Presenters sometimes received a brief before an interview, prepared by the producer who set up the interview, which principally outlined the stance that the interviewee was likely to take. The brief sometimes included questions for the interviewer to ask but the Presenters regarded them as suggestions only. W gave evidence that in interviews “there is total editorial freedom about what I ask” because he was “hired as a professional journalist and interviewer”.

Presenters all read from an autocue or script to some extent. The extent this was required varied from day to day depending on the extent there was breaking news and live interviews. G said that on a quiet news day most of the programme revolved around her presenting scripted introductions into recorded reports. If there was a major breaking news story, however, no autocue was used.

As regards field trips, W said there was no autocue and no information other than what he had researched before he left and gleaned on the ground. He liked the freedom this gave him although it was much more difficult than studio work. He loved having to think on his feet, react to the situation and often source all of his own information.

2 BBC's Editorial Guidelines

The BBC's evidence included that its Editorial Guidelines applied to “everyone who contributes to BBC output. They apply to all the people who are employed by the BBC, be they casual, freelance, staff or indeed, to any independent producer who makes output for the BBC”. Editorial responsibility within the BBC rested with the editorial chain of management or command which ran from “programme or content producers (including in-house or independent), presenters, editors, heads of department, divisional directors, and up to the Director General, who is the editor-in-chief and therefore has ultimate editorial responsibility for the BBC's content”. The Guidelines did not prescribe what output was made but provided a point of reference for the considerations to be borne in mind as to how the output should be produced in a way that accorded with BBC values.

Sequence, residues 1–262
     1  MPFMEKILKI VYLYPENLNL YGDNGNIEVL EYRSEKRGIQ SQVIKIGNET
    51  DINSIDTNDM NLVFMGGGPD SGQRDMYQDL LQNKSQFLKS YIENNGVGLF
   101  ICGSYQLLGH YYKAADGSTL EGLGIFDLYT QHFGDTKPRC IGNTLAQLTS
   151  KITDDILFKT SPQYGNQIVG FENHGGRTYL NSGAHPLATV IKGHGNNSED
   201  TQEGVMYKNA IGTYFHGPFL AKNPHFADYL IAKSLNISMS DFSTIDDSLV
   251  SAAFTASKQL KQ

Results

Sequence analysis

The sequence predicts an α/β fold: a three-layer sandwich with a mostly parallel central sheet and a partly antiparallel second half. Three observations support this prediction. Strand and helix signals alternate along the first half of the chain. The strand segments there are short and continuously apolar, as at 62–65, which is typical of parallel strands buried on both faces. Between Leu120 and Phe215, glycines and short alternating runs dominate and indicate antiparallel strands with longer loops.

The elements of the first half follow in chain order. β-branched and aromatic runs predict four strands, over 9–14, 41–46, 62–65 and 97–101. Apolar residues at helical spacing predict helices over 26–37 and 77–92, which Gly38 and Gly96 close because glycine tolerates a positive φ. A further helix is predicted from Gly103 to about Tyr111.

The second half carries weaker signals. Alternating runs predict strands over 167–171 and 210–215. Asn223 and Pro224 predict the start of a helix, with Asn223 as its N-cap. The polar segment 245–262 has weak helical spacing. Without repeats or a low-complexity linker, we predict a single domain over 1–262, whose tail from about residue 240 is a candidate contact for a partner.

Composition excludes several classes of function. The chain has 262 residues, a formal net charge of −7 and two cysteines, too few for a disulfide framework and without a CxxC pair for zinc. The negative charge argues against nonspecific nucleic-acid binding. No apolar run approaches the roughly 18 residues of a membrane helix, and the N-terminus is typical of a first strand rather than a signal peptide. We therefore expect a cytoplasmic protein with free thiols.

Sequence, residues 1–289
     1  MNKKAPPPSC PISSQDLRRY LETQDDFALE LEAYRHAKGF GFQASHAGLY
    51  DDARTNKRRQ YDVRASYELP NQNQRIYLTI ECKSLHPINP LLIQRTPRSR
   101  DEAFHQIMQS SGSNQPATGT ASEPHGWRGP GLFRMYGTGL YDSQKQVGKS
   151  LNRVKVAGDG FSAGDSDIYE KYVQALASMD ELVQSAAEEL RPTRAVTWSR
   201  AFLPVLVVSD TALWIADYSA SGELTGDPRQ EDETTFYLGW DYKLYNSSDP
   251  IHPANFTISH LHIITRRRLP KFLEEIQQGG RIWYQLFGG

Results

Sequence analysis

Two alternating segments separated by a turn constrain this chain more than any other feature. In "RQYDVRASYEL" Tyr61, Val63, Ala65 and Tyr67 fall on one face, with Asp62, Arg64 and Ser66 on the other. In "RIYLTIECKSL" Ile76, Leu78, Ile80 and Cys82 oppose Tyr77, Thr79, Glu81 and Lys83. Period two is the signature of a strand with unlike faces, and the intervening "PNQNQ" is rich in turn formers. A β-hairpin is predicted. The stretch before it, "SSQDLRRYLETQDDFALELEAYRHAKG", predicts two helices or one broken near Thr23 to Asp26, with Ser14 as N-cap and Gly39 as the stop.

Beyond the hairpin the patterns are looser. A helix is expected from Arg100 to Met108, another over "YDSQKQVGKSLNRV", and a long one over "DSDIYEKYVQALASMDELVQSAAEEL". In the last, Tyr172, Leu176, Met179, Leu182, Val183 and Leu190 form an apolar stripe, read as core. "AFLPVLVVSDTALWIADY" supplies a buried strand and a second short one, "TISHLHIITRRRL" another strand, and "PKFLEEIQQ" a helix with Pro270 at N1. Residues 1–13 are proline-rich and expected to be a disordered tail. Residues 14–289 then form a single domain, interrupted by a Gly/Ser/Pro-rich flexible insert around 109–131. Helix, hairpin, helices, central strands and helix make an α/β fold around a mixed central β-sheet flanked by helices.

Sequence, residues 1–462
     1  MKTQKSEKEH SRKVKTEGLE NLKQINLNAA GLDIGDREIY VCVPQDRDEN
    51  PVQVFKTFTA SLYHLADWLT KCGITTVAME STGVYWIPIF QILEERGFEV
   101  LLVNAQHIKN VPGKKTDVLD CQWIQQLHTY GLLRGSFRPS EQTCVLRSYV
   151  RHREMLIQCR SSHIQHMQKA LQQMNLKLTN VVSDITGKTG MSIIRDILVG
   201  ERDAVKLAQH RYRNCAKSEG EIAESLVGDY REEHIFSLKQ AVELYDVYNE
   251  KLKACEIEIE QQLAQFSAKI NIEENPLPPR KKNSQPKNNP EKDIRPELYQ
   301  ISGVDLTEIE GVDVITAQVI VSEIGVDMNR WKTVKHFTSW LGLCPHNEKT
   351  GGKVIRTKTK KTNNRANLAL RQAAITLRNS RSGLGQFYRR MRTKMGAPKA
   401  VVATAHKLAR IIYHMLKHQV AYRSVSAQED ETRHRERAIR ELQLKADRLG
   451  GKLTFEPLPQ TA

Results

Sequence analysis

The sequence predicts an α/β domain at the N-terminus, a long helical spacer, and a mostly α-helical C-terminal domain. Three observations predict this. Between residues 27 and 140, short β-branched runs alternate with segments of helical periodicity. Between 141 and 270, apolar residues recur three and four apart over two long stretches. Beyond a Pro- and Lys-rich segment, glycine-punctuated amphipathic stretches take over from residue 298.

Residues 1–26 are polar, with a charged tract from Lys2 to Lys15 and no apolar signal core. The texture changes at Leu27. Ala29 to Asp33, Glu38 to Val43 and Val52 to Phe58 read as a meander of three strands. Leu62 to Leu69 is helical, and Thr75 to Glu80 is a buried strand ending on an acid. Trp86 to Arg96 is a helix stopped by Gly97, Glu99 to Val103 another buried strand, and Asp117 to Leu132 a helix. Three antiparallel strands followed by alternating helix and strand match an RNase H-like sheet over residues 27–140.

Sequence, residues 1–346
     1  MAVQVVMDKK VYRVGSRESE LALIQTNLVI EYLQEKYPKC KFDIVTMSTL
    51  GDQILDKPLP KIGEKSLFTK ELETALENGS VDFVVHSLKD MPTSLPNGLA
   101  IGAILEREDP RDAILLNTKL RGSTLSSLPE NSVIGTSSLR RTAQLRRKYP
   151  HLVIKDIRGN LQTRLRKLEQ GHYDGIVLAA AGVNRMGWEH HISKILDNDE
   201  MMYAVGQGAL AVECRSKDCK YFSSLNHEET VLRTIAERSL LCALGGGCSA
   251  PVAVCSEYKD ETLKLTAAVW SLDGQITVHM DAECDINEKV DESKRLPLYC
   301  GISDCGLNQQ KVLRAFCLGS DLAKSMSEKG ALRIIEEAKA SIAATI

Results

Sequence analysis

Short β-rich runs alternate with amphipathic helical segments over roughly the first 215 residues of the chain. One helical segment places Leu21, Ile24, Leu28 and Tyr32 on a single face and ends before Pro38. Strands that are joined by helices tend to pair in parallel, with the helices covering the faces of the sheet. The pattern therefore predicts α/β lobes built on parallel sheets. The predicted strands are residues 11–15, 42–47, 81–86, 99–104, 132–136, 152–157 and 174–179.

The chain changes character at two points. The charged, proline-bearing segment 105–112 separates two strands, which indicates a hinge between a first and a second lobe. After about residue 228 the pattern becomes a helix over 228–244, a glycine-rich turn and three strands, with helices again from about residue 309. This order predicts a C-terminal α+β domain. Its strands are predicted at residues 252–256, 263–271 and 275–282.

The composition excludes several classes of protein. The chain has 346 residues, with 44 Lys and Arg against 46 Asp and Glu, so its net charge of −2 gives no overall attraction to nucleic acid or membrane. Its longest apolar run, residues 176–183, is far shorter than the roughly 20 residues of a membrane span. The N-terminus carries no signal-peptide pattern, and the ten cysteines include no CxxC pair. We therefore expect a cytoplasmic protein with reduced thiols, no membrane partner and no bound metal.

The Guidelines were not, therefore, generally prescriptive; when applying them, individual producers or presenters were expected to make necessary judgments in many areas. If the issue was particularly difficult, the person could contact others such as the editorial policy team or particular experts within the BBC for guidance but that team's capacity was limited and decisions often had to be made instantly.

3 Presenters' further evidence

G's evidence was that as a freelance, she was being treated differently to staff. She did not know if the next contract would be agreed; there was no guarantee. She had pay cuts, no pension and had three children with no maternity leave. Other...